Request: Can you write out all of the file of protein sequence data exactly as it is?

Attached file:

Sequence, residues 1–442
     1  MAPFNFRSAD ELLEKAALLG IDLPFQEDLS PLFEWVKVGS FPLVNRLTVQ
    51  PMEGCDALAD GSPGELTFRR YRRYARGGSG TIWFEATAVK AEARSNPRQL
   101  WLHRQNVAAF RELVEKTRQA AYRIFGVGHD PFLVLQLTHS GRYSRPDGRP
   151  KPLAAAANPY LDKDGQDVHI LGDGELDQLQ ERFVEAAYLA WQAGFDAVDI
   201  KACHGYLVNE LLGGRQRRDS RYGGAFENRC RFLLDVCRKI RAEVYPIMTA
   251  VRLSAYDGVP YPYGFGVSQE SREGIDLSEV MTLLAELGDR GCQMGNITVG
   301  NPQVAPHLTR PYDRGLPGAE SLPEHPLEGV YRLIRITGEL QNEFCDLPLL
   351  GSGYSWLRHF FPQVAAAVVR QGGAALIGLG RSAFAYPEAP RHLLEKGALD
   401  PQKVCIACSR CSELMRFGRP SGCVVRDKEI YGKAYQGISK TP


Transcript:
Sequence, residues 1–442
     1  MAPFNFRSAD ELLEKAALLG IDLPFQEDLS PLFEWVKVGS FPLVNRLTVQ
    51  PMEGCDALAD GSPGELTFRR YRRYARGGSG TIWFEATAVK AEARSNPRQL
   101  WLHRQNVAAF RELVEKTRQA AYRIFGVGHD PFLVLQLTHS GRYSRPDGRP
   151  KPLAAAANPY LDKDGQDVHI LGDGELDQLQ ERFVEAAYLA WQAGFDAVDI
   201  KACHGYLVNE LLGGRQRRDS RYGGAFENRC RFLLDVCRKI RAEVYPIMTA
   251  VRLSAYDGVP YPYGFGVSQE SREGIDLSEV MTLLAELGDR GCQMGNITVG
   301  NPQVAPHLTR PYDRGLPGAE SLPEHPLEGV YRLIRITGEL QNEFCDLPLL
   351  GSGYSWLRHF FPQVAAAVVR QGGAALIGLG RSAFAYPEAP RHLLEKGALD
   401  PQKVCIACSR CSELMRFGRP SGCVVRDKEI YGKAYQGISK TP